My Parents Are Getting Older I’m Starting to Notice
We eat as if in conversation. Passing bread and olives until finished. A shrimp dish. My father reaches for his fork and says the smell reminds him of homemade shrimp chips. (He used to eat them at his childhood friend Alice’s house, he tells us, her parents served them on a plate with mustard sauce.) I try to remember what shrimp chips look like. My sister texts her friend under the table. The glow of her phone shining up her neck. I say something funny about the IRS. We order the cheesecake. It’s saccharine. Watching my mother sign the bill gives me the same feeling when I see older women eating dinner alone. We drive home in quiet. Each to our own window, relieved of the solace of the car. At home my father falls asleep in the chair in the living room. One arm hangs in the air as if held up by a string. His head falls sharply to the side. I wonder if this is what he will look like if he dies sitting up. A square of light shines into the house and onto the faces of my family looking at me, looking at them. The whole room hangs on it.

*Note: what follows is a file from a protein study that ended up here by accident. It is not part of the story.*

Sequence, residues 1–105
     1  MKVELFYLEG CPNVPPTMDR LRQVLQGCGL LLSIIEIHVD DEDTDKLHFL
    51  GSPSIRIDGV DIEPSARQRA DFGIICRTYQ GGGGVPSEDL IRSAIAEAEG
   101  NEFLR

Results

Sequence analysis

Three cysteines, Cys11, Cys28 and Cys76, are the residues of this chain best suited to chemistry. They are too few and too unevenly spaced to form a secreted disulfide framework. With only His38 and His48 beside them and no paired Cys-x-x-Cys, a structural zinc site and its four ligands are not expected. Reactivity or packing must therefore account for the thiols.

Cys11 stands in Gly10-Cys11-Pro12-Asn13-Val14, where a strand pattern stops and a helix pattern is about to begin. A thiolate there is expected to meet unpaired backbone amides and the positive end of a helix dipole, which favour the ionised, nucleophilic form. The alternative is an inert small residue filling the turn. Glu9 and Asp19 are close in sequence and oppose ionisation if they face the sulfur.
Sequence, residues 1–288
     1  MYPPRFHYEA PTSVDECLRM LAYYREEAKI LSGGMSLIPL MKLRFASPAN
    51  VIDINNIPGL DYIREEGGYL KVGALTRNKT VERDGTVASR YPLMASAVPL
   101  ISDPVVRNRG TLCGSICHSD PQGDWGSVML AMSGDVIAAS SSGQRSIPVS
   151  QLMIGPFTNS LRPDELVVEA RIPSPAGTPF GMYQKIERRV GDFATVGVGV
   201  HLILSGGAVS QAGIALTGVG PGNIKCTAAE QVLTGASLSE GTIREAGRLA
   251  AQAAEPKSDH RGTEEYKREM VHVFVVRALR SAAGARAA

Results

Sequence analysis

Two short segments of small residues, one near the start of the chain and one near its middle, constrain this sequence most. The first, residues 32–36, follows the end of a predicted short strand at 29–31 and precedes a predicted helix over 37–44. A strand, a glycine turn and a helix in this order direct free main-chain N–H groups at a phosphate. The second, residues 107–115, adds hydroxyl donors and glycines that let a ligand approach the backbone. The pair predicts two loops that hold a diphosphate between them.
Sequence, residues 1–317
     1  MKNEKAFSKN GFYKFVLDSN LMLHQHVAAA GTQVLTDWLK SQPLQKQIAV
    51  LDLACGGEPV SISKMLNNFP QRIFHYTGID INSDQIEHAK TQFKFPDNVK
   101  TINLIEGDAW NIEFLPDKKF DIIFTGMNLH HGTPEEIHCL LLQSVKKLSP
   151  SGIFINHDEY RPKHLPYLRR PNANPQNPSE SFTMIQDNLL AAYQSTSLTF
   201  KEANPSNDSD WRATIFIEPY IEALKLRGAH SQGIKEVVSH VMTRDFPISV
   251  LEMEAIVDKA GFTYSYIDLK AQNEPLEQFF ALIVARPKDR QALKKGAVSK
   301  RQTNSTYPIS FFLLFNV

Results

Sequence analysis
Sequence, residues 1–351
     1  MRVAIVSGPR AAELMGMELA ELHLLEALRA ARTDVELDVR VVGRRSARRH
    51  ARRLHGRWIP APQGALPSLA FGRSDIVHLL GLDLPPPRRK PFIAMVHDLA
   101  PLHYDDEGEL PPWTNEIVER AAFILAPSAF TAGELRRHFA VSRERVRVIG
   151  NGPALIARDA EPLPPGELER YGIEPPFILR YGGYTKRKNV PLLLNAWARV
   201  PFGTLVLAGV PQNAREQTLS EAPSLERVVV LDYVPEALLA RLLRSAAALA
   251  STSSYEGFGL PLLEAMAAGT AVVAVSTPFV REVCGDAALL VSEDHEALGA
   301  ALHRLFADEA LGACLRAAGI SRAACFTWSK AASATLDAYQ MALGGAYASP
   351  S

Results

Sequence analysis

Natalie Dunn’s work has most recently appeared in the Kenyon Review, Entropy Magazine, Pithead Chapel, and the Atticus Review. She was nominated this year for Best of the Net and Best Microfiction of 2020.
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Art Dr Alexey Yakovlev/Tahir Salahov CC2.0